Emerging adulthood is that stage in human development that occurs in “the ages between 18 years and the middle or late 20s when the adolescent is first becoming an adult.” (Stangor, 2010) It is during this stage that young people begin to form bonds outside the family, go to college, and get a job. Even so, emerging adults don’t tend to be fully independent and do not yet take on all the responsibilities of an adult – like getting married and having one’s own family. It’s not been so long ago that this stage has been defined. That is due in part to that fact that the lives after high school of the young generation of today is very much different compared to those of yesterday.
At least, it is so in Western cultures. Categorically, I’d be one of these so-called “emerging adults” and I’ve always thought that the best way to observe a group is to be part of it. And, as far as I can tell, in my country, things are very much different. Not so much as that emerging adults are not recognizable in our society but more like, there can be two types of emerging adults: (1) those who are in school and would have a successful career after and (2) those who have an early job and an early married life – much like the younger generation of yesterday; although, this one seems to be more of a really adult behavior.
This division mostly comes from stereotypes. In my country, and, probably, everywhere else, there will always be that major division of people between the affluent and the poor. The community that I live in is, generally, poor and, in such a place, one is either smart or not. But the rich and the smart would usually be put together by society and be expected to form the first group – those who will sooner than later have successful careers. This is because those who are deemed smart are expected by people to stay in school – mostly, by taking on scholarships. Those who are rich are expected to be in school simply because they have enough resources and funds. However, they are not expected to be looking for a job, the general population would expect jobs to be looking for them! So people have rather high hopes and expectations of them. These are the people who never get to have the burden of listening to parents’s speeches that sound like, “When I was your age…”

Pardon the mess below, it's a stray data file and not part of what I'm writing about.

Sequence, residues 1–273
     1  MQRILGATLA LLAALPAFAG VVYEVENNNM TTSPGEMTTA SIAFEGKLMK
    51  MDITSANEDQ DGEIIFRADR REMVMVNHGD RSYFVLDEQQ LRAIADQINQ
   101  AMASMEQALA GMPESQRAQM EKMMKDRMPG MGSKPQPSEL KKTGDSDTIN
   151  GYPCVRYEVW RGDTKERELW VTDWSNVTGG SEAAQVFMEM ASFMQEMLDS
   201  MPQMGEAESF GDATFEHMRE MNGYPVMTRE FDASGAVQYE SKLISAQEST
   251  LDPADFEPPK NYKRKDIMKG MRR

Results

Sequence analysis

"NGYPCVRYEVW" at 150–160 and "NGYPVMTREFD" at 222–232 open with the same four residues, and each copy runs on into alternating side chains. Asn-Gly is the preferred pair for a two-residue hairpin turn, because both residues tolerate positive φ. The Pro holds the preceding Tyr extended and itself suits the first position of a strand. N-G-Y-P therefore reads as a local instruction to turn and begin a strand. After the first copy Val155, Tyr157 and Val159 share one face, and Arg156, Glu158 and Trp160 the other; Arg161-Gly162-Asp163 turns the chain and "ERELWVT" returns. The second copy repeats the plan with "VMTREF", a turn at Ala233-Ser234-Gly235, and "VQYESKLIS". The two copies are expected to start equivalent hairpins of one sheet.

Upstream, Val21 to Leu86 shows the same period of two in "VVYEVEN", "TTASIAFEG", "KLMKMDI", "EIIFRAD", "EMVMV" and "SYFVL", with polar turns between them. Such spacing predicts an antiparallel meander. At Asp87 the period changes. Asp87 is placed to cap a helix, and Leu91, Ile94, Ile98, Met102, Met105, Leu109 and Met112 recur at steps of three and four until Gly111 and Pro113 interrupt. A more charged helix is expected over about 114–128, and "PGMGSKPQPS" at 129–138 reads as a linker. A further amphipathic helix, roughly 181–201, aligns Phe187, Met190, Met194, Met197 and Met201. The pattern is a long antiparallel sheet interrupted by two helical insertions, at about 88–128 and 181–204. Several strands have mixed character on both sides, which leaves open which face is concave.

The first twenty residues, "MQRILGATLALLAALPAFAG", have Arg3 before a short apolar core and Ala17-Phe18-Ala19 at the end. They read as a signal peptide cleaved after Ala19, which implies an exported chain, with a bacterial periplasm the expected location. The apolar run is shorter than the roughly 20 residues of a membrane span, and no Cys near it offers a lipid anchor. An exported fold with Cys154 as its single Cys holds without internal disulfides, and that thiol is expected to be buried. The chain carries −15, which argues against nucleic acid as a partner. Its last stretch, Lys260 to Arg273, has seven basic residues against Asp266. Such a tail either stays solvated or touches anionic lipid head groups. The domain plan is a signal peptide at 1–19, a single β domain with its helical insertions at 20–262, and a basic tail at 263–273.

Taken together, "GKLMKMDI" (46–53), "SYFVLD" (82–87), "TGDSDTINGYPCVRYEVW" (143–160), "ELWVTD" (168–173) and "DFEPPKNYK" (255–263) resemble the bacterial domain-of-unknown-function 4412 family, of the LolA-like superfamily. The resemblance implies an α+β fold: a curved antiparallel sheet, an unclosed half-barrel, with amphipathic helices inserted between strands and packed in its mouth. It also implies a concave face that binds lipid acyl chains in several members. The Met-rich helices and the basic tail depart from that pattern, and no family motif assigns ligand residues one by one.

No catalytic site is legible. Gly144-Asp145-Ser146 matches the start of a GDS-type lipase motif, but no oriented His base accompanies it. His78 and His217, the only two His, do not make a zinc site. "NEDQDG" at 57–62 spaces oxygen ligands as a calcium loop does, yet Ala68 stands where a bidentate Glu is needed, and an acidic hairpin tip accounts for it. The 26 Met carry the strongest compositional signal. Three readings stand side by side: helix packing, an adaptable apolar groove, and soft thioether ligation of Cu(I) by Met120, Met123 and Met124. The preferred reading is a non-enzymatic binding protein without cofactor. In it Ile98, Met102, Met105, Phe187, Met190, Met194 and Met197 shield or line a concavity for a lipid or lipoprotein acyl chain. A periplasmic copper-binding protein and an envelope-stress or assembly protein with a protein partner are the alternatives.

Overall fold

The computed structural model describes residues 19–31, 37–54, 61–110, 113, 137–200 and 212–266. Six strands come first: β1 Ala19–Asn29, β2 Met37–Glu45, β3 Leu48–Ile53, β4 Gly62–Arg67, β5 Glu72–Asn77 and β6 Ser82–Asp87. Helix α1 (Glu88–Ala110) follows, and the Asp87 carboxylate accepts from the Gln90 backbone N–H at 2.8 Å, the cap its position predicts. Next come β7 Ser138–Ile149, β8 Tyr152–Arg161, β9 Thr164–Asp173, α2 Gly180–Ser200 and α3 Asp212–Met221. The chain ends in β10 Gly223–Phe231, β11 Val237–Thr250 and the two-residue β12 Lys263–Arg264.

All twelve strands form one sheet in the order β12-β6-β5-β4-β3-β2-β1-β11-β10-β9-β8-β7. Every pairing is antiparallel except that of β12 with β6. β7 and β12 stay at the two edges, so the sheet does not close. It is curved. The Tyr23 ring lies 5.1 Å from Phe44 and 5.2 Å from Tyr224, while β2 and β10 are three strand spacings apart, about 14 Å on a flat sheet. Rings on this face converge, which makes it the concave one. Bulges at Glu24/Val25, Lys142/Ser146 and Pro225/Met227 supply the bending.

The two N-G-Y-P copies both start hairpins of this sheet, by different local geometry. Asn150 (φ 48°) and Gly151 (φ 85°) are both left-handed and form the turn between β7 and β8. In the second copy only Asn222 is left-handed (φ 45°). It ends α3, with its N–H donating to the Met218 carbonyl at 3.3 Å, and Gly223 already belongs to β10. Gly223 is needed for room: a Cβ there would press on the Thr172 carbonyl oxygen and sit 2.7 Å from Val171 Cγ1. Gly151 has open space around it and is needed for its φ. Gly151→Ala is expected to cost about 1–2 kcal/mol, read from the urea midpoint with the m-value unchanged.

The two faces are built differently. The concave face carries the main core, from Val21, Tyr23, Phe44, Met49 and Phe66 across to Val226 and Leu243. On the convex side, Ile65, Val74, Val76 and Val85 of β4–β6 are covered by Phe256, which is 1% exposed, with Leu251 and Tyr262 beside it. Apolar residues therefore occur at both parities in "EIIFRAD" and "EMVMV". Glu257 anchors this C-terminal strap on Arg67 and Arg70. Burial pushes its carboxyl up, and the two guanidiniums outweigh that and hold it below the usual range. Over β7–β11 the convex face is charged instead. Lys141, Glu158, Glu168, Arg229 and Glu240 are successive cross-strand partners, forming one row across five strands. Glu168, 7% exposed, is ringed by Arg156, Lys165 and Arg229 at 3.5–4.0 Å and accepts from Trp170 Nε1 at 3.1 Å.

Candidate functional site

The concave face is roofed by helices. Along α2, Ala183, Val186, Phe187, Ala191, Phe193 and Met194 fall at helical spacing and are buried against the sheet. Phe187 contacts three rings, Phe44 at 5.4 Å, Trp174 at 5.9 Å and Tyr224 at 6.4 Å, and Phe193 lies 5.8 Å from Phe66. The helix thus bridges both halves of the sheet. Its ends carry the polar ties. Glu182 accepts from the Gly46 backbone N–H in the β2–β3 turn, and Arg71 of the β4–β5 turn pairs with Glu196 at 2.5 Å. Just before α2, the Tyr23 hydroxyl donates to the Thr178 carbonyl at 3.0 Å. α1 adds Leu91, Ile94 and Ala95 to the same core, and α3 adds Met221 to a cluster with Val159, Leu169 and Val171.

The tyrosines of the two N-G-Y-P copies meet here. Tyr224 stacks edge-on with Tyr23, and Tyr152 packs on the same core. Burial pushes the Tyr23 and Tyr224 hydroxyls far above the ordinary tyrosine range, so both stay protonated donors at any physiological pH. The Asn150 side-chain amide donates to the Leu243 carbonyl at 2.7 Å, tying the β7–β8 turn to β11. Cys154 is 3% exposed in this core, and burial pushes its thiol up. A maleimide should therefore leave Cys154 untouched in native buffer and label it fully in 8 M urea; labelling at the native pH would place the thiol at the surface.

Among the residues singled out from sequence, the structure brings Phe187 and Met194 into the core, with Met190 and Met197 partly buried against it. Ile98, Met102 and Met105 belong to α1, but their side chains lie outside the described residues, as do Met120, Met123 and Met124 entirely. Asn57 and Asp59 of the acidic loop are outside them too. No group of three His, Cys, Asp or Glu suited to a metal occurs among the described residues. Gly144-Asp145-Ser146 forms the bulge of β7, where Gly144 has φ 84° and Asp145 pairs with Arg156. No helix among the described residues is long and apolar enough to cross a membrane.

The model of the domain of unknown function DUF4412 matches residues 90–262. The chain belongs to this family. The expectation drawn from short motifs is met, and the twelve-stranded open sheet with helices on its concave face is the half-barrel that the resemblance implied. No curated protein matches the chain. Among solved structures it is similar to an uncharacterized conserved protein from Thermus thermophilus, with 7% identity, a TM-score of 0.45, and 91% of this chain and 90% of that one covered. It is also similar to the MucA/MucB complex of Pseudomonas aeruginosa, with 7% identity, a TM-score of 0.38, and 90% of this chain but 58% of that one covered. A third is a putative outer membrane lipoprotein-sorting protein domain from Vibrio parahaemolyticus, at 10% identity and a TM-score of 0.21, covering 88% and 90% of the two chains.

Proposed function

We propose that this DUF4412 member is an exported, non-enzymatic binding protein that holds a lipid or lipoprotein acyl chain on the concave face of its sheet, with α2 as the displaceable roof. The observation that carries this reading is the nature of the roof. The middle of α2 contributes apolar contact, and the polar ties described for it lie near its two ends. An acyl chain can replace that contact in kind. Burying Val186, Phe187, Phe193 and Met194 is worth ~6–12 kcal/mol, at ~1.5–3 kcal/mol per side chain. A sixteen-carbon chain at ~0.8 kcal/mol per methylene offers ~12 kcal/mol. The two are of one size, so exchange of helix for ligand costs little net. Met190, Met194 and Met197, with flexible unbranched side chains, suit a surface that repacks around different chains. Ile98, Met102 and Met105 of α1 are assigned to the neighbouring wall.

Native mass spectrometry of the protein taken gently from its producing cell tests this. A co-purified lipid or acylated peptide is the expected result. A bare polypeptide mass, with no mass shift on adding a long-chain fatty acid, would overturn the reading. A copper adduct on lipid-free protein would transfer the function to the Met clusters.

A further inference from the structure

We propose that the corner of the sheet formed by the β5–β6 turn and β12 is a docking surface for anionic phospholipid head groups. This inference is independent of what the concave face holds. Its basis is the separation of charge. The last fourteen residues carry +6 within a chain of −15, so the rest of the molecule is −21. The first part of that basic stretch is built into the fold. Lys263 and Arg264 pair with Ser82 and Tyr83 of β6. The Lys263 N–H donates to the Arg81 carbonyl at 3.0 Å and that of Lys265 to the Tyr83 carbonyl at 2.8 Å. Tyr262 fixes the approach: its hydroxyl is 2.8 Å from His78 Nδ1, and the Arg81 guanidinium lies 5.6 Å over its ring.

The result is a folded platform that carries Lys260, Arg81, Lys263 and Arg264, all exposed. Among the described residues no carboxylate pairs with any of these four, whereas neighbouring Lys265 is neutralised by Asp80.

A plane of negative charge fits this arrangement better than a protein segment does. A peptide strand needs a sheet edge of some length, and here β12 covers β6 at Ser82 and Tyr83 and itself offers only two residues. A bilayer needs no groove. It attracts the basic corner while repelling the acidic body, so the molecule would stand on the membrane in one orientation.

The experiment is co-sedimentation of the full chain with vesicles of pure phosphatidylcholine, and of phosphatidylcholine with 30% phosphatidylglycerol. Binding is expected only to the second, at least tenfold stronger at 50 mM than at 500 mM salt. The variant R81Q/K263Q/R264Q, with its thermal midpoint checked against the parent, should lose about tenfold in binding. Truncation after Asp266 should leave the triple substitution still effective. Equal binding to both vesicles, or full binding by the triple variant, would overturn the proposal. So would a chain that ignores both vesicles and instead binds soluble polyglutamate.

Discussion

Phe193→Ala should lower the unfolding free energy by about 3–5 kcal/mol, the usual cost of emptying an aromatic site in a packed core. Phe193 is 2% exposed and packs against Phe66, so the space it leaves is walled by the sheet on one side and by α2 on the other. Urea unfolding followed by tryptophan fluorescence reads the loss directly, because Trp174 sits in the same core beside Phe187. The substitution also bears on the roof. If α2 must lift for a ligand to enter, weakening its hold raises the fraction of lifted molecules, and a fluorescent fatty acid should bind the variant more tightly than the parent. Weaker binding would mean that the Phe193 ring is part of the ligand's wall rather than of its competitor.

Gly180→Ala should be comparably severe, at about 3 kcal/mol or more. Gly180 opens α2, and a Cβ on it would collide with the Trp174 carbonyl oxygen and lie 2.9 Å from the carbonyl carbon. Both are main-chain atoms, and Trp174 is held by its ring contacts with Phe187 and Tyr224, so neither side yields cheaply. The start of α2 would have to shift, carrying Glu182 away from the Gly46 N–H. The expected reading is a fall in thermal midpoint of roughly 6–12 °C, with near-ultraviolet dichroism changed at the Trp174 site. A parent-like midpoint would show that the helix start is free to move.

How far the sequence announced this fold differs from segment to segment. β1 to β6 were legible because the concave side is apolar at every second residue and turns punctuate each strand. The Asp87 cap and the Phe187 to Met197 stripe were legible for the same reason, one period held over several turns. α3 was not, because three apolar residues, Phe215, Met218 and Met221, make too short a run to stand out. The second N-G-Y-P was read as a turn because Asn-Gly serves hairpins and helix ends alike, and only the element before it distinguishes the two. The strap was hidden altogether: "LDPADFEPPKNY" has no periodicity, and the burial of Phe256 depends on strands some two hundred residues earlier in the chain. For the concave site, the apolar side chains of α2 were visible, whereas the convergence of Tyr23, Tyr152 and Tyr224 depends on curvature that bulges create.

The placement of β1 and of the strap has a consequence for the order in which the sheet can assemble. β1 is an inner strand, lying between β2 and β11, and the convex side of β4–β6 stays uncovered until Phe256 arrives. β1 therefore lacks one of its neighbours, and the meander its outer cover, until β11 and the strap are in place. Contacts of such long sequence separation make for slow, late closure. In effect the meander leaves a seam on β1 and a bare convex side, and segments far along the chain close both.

On the other hand, we have the second group: the ones who are expected to get a job and get a family early in life. These are the people who bear the burden of conforming to standards of the youth of yesterday. They are expected to be more “responsible and mature” by definition of parents who expect these children to follow their way, much like how an American father would tell his son, “When I finished high school, I moved out of my parents’s house, got a job, and became independent” and expect the son to be like so. This is because they are deemed to be less than smart so people tend to expect very much less of them. More often than not, these people didn’t even take a step or two in high school, let alone graduate. So, jobs don’t come easy to them and they would usually end up with the ones which are hardest but, at the same time, least rewarding. They are expected to simply get through everyday and not much more.
Neither picture looks perfect, they’re both much less than excellent. For the first group, the high hopes and expectations can certainly lead to some amount of pressure. For the second group, life can be rather mundane. As are most things, each has its own pros and cons. And, wherever it is, stereotypes exist and, sometimes, they have the power to drive the life of a society.
Source: Stangor, C. (2010). Introduction to Psychology. New York: Flat World Knowledge.